On standardized testing being a joke: According to the MCAS (Massachusetts Comprehensive Assessment System for those of you outside of the state, a test that aims to determine graduation eligibility and falls...short.) I'm supposed to be *barely* average in math and below standard in english. SAT I Verbal : 800 (99%) SAT I Math : 790 (99%) SAT II Lit. : 770 (97%) SAT II Math IIC: 760 (81%) SAT II Math IC : 730 (93%) Currently, a rather frightening percentage of Mass. high school students are being denied their diplomas because of MCAS scores...and I picked up a total of some $100,000 per year in academic scholarships from six different colleges...and I'm currently getting $26,000/year from the one I chose to attend. The class one year before me had to pass the MCAS in order to graduate. Were it not for that one year...I might still be a high school senior. Standardized tests are a joke...and aren't really that funny.

/.ing ETS? (0)

Anonymous Coward | more than 11 years ago | (#5924879)

I would SO laugh if there were some "unaccountable fall" in the average SAT score this year.

Well.. (1)

Loki_1929 (550940) | more than 11 years ago | (#5924883)

I did ok with my 1330, although had I taken the test more than once, I'd have probably ended up with the magic number of 1400 or higher.

To those who don't know much about the SAT, they take the highest score for the math and the highest score for the verbal section from all the tests you take (there's no limit I'm aware of), and they're added together for your total score. So if I score a 600/700 on my math and verbal respectively on my first test, and then a 700/600 on my math and verbal respectively on the second test, my final score is 700/700, or 1400. The reason I mention 1400 as a "magic number" is because that's the score at which most of the SAT-based scholarships become available.

But why?? (1)

Billly Gates (198444) | more than 11 years ago | (#5924886)

Doesn't this guy have anything better to do with his time? Taking a test ranks right up with going to the dentist. It sucks and is the most boring thing I can think of that I do not look forward to doing.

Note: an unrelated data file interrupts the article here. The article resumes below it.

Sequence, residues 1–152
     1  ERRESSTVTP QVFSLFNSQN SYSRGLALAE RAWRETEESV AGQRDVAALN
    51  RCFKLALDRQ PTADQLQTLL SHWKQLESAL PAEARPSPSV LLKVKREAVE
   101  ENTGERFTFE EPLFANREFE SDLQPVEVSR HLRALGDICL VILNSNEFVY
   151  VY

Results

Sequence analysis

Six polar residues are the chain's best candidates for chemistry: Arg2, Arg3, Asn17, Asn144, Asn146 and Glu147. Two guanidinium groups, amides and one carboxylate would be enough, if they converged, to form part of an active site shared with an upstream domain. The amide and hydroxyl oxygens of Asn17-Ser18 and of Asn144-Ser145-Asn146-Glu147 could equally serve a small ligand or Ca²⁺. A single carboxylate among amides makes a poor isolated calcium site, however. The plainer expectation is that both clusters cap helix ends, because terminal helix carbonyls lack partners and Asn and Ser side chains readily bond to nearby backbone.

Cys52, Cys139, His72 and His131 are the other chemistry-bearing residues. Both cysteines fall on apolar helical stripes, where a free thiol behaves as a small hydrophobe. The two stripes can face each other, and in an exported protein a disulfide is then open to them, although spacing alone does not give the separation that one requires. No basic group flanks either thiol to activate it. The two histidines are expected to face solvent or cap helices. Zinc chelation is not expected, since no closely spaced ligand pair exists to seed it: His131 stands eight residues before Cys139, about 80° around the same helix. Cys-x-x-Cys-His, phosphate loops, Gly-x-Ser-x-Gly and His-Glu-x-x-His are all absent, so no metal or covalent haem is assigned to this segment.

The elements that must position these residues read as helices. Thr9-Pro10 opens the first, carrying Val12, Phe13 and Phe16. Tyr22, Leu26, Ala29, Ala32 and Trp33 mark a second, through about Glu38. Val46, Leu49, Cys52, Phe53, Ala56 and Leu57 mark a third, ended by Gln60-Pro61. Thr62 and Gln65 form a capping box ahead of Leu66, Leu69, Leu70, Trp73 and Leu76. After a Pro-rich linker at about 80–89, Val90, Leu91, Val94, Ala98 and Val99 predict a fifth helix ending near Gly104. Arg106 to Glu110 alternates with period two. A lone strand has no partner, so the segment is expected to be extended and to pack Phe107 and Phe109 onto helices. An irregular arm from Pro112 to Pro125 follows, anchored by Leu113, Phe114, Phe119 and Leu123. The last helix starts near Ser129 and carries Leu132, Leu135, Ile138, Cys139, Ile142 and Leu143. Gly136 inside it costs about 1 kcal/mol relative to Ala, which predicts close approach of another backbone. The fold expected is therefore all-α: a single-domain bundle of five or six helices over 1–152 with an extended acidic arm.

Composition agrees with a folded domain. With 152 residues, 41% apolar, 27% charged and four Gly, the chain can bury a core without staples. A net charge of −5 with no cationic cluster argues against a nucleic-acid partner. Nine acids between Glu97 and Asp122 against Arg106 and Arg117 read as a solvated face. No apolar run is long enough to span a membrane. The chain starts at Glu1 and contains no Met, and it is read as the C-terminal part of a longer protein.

Also I am supprised they let an adult out of highschool take it. I finished my senior year in Canada so I did not take the SAT. I decided back in the states on my junior year to take it a year later so I can have a higher score.

Since I am in community college now I might as well take it again since I can score really high and get into a good 4 year school.

Re:But why?? (1)

MyHair (589485) | more than 11 years ago | (#5924948)

Since I am in community college now I might as well take it again since I can score really high and get into a good 4 year school.

You're considered a transfer student now, and the admission rules are different. Get the current catalog from your desired school and check the transfer admission requirements; you may not need the SAT at all, in fact I'm not sure it will necessarily help you.

Essay questions on the SAT (4, Interesting)

autopr0n (534291) | more than 11 years ago | (#5924892)

Does anyone else find the idea of essay questions on the SAT at least, idiotic?

I mean, without a keyboard and a spellchecker I'm nothing! My handwriting is absolutely terrible. But none of that matters in collage, since papers will be turned in after being typed on a computer. And even if a grader isn't going to look at those things specifically, they'll still be affected by them, as well as whether or not they agree with the essay. Not to mention the fact that it's going to be insanely expensive to grade these things. They'll need about 1,500 graders each grading 1,500 papers. Can you imagine grading that many boring essays about random subjects? My brain would just go numb. The only fair way to do it would be to have each essay graded by a diverse group of graders, and then average the score. But that would cost even more per test. Or perhaps they could figure out some way to grade essays by a computer. Teach a neural net the properties of a good essay and see what it comes up with.

Or they could just not do it...

Re:Essay questions on the SAT (1)

hazem (472289) | more than 11 years ago | (#5924961)

When I took the GMAT (to get in to an MBA program), there were essays. Each was graded by 4 professors. They discarded the score that was most different and took the average of the remainder.

Poor profs - the ones who grade these are no doubt the untenured saps who have to scrap for every bit of money.